Even with so many season finales and cliffhangers clamoring for our attention this month, I doubt you'll find two hours of TV more riveting, harrowing and inspiring than Freedom Riders, the latest triumph from PBS' American Experience series.
As heralded recently on The Oprah Winfrey Show (which exposure could and should boost this excellent documentary's profile), this audacious chapter from our civil-rights past is a story of heroic idealism and non-violent activism colliding with some of the most virulent forces of hate, prejudice and fear.
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Deftly structured by filmmaker Stanley Nelson in a day-by-day chronology of mounting tension, largely narrated by those who were there (including the opposition), Freedom Riders focuses mainly on the everyday people, black and white and from all creeds and backgrounds, who took part in this treacherous road trip 50 years ago. Their purpose: to ride side-by-side on commercial buses into the Deep South, risking their lives to expose racial segregation by flouting Jim Crow laws in hot zones including Alabama and Mississippi."We didn't have a sense of fear," says one of the first riders, embarking on a modest caravan of two buses. That soon changed, as angry mobs in Alabama confronted these so-called "agitators," torching one of the buses and assaulting the victims in "a scene from hell," as a local onlooker recalls.These and other violent speed bumps didn't derail the effort. Instead, more waves of riders (eventually totaling more than 400) pushed through to Mississippi, where mass arrests only added to the media frenzy. Vintage footage shows how the crusade escalates into an international embarrassment for the Kennedy administration, previously more preoccupied with foreign affairs."They became the shock troops of the movement," says historian Raymond Arsenault. Attention was paid then, change was achieved, and Freedom Riders assures their astonishing story still has resonance a half-century later.Freedom Riders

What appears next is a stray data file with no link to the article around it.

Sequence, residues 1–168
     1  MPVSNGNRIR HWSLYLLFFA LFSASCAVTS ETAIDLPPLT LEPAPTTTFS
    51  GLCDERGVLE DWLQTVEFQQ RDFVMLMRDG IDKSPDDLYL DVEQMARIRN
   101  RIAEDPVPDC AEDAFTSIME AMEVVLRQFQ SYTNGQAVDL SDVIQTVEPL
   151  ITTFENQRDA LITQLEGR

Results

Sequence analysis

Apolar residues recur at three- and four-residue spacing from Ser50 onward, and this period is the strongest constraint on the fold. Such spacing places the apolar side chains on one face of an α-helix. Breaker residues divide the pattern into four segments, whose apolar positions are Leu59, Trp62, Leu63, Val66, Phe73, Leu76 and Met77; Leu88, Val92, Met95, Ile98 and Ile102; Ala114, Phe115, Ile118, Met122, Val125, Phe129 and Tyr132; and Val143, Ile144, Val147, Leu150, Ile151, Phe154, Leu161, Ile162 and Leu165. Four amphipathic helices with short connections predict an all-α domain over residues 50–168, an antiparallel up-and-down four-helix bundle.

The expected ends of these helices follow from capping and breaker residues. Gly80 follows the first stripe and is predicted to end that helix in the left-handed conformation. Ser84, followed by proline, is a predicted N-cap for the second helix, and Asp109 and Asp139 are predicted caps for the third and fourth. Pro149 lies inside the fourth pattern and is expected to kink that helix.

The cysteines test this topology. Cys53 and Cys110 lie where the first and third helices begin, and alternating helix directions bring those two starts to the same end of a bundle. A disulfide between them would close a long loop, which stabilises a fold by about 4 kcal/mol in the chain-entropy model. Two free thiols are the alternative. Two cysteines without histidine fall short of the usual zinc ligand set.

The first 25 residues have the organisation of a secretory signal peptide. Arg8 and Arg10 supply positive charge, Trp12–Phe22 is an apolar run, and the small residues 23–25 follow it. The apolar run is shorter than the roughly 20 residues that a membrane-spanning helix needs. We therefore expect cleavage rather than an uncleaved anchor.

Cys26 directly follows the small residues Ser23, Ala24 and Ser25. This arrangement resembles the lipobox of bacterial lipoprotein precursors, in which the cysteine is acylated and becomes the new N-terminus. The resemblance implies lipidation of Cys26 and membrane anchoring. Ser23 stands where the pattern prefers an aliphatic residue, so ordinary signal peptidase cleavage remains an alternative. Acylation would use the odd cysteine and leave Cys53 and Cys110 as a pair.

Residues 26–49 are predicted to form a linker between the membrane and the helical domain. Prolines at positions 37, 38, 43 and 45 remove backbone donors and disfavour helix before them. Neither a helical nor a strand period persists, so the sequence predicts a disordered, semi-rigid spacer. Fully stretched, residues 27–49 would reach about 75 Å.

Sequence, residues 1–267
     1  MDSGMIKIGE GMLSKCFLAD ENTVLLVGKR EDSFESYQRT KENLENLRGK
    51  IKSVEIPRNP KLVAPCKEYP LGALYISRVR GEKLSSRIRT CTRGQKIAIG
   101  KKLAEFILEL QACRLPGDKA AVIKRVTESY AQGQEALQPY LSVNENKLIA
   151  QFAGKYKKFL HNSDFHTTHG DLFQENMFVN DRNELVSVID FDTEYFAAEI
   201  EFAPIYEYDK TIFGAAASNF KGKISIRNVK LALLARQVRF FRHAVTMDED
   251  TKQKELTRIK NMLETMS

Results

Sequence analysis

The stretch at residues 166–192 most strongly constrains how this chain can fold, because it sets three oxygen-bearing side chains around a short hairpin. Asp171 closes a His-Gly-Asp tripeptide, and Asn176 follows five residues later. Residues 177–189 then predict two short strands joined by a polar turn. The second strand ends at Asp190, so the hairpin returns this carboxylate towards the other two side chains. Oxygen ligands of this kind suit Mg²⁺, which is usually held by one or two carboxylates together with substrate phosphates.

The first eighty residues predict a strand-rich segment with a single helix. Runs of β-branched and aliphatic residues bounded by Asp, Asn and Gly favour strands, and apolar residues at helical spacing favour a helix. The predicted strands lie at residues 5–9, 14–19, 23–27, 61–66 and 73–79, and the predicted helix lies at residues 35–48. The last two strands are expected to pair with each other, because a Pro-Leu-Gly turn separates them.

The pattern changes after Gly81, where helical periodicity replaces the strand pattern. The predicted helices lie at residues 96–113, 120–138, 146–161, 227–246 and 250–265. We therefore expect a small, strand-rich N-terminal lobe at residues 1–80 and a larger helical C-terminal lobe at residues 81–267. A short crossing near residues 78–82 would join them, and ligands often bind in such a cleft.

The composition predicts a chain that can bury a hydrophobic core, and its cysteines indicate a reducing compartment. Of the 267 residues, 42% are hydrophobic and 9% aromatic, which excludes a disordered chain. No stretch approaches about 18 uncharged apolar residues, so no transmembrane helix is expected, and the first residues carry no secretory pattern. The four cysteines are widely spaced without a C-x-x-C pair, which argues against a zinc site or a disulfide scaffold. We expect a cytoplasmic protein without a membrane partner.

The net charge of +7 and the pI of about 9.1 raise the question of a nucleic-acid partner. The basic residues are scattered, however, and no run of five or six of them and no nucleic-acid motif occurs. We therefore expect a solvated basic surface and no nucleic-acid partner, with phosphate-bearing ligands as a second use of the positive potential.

airs Monday, 9/8c, on PBS (check tvguide.com listings)
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